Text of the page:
Memorial Set for Independent Filmmaker Allen Willis

The pioneering African-American filmmaker who made films on the Black Panthers and Dr. Martin Luther King Jr. has died.

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Pioneering independent filmmaker Allen Willis dies.

Daily Variety is reporting that pioneering filmmaker Allen Willis has died. Willis, who made films about the Black Panthers and Dr. Martin Luther King Jr. became the first African American in California broadcast journalism when he took a job at San Francisco's KQED television in 1963. Before that, he studied under photographer Ansel Adams.

On his first pics, he collaborated with Melvin Van Peebles, who is considered to be the father of blaxploitation films. And in 1955, with San Francisco poet Lawrence Ferlinghetti, he produced, directed, filmed and edited the 16mm film Have You Sold Your Dozen Roses? In his 25 years at KQED, Willis made films chronicling major events and cultural movements, including The Other America, about Martin Luther King Jr.'s 1967 "white backlash" speech at Stanford University; 1970 documentary Stagger Lee, an interview with incarcerated Black Panther leader Bobby Seale; and a film exploring the psychedelic-drug experience. He also wrote for a Marxist-humanist publication until 2008.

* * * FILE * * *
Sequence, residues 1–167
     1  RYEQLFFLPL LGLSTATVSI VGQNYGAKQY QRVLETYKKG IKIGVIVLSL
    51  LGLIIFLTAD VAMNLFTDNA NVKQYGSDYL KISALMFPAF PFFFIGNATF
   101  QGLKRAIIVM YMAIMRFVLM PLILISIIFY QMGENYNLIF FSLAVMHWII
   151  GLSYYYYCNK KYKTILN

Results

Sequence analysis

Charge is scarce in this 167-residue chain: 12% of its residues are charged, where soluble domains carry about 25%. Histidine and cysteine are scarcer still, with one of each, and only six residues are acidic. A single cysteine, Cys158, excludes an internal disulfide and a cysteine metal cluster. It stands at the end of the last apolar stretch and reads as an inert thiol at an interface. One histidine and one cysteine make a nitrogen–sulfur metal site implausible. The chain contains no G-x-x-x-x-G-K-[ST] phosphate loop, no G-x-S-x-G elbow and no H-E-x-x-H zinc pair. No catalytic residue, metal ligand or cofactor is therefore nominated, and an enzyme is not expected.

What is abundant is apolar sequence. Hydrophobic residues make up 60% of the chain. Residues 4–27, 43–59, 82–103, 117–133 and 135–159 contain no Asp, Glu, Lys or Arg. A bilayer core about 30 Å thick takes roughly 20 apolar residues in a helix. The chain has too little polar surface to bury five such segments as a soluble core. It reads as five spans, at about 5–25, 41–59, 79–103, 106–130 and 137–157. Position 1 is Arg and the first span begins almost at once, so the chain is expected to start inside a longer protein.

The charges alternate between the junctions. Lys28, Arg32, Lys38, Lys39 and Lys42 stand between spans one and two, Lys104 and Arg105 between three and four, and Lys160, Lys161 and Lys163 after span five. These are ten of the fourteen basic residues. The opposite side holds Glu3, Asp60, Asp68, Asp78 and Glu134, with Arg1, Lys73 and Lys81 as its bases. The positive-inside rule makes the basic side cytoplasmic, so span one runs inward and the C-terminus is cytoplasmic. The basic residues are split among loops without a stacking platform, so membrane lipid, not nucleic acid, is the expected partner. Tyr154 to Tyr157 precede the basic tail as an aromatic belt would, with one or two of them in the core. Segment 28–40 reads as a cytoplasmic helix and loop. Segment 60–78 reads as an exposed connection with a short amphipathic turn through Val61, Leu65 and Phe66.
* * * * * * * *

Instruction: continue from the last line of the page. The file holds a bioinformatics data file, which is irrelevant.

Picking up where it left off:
Willis was a member of the board of directors for the East Bay Media Center, which is the official archivist for his works. Born in 1916, Willis passed away on Feb. 23, 2011. A memorial celebrating his life will be held at the Niebel-Proctor Library in Oakland on Saturday, April 2, 2011. He was 96.

Read more at Variety. Learn more about his films at East Bay Media Center.

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